Nearly a year after Next Element Studios opened its doors in Burbank, the facility has reopened as a Deluxe Entertainment facility, Next Element by Deluxe. Deluxe acquired Next Element in April and spent six months undergoing an expansion and redevelopment. In the meantime, the company’s on-location post solution, mobilabs, has been busy creating color-corrected dailies in Detroit for ABC crime series Detroit 1-8-7 and, some months ago, in Shreveport, LA, for ABC drama The Gates.

Bruce Long greets open house guests

“It’s a facility on location,” says Next Element COO Gray Ainsworth. “We customize the truck to meet the needs of each production.”

Ainsworth notes that, with the purchase of Next Element, Deluxe has now entered in the TV post-production business. Next Element was built from the ground up to handle the digital workflows of digital cameras; the facility is now equipped to post produce the output of 16 different digital cameras.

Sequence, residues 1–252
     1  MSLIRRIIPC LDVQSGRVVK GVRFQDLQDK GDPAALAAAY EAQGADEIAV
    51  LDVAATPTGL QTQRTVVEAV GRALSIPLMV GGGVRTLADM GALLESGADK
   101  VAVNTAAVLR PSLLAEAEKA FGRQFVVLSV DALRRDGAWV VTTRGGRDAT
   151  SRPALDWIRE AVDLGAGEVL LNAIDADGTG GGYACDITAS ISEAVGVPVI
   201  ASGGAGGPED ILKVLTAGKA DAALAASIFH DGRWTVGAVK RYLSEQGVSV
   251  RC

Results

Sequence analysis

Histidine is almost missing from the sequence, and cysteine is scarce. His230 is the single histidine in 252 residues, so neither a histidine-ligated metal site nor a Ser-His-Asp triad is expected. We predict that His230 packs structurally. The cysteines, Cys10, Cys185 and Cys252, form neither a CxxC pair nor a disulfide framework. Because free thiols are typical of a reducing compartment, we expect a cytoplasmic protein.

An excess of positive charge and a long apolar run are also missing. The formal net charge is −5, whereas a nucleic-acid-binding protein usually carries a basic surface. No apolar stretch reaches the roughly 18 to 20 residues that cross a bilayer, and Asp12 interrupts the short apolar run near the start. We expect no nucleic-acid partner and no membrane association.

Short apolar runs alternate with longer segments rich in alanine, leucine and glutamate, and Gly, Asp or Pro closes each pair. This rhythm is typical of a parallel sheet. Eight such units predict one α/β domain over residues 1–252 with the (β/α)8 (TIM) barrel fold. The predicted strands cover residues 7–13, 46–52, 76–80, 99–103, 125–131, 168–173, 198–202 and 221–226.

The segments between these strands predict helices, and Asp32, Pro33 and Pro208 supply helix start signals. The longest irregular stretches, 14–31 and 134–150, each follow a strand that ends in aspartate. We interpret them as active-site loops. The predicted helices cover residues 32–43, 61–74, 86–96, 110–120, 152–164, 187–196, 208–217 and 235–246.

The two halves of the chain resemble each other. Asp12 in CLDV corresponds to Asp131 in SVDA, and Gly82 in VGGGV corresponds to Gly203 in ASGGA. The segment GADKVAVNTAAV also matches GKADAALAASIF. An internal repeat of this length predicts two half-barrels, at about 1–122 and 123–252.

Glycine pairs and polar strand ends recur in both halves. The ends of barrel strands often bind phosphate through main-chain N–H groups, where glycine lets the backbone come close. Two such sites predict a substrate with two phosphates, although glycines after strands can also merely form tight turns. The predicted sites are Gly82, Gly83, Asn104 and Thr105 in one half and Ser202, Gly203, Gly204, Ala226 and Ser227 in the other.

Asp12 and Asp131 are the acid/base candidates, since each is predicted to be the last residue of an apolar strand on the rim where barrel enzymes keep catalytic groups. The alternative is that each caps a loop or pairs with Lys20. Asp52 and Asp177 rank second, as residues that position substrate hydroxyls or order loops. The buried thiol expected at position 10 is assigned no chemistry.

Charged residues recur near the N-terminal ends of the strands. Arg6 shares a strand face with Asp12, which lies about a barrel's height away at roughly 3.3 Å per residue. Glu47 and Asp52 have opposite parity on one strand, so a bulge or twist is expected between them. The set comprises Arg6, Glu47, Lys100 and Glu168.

The facility was founded by industry veteran and producer Bruce K. Long, now senior VP, post-production at Next Element by Deluxe.  Also on the team is another post veteran, Greg Ciaccio, who is vice president of strategic planning and business development, and Julie Currin, who is vice president of sales. Ciaccio had formerly worked at Ascent Media and Technicolor.

The facility’s DI rooms house FilmLight’s Baselight systems. That DI system is also on board the three mobilabs trucks Currently, one truck is in Detroit on Detroit 1-8-7, one is touring Deluxe facilities in North America, and the third is resident at the Burbank facility. Next Element also brings its SmartSoft database, which tracks shots from input to output, ordinarily a time-consuming and error-prone series of tasks.

On the mobilabs truck, technicians who travel with the truck can put dailies on the iPad, a Flash drive, DVD or tape, depending on the desires of the producers. SmartSoft enables the technicians to trigger automated processes like Baselight renders and create customized shot lists. The on-board Baselight also allows color-correction; other gear can allow for a partial conform. The files can also be securely sent back to Burbank via a prearranged connection at a local facility.